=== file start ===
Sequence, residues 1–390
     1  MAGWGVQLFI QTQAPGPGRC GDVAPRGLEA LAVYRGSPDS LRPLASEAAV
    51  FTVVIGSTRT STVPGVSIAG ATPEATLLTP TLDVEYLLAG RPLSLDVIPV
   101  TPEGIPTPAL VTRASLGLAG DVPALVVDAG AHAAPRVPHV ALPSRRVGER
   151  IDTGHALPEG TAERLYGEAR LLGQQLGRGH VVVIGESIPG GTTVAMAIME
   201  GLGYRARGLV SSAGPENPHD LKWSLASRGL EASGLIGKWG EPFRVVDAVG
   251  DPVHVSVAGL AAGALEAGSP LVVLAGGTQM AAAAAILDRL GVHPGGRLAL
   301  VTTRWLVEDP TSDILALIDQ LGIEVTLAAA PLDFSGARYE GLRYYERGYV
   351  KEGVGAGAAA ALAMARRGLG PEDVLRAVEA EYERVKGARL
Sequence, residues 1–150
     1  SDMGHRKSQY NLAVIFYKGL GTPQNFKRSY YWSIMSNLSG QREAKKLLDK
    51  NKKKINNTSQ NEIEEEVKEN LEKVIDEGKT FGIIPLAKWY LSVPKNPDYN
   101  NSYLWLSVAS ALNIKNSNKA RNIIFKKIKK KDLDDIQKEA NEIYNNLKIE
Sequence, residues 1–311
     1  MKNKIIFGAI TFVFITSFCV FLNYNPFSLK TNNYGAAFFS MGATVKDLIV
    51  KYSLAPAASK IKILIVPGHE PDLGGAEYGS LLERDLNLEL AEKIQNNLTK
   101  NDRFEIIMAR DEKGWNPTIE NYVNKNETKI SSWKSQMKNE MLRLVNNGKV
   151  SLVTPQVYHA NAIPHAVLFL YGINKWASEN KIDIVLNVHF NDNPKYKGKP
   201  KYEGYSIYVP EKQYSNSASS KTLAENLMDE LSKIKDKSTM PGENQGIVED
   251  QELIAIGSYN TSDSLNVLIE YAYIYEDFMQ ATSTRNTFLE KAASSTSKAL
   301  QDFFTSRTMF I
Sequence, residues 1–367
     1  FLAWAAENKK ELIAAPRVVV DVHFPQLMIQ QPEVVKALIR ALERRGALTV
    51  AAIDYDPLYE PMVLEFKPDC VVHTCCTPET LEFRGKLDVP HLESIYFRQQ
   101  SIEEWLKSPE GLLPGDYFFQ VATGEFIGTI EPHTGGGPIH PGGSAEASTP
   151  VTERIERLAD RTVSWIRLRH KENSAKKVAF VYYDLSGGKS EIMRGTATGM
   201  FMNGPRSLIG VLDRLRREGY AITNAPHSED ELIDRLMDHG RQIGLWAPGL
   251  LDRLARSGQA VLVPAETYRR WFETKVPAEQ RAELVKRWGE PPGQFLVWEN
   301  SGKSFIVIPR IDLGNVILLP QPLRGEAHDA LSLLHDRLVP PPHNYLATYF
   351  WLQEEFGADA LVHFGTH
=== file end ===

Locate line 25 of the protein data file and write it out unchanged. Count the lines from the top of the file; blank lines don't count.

   101  SIEEWLKSPE GLLPGDYFFQ VATGEFIGTI EPHTGGGPIH PGGSAEASTP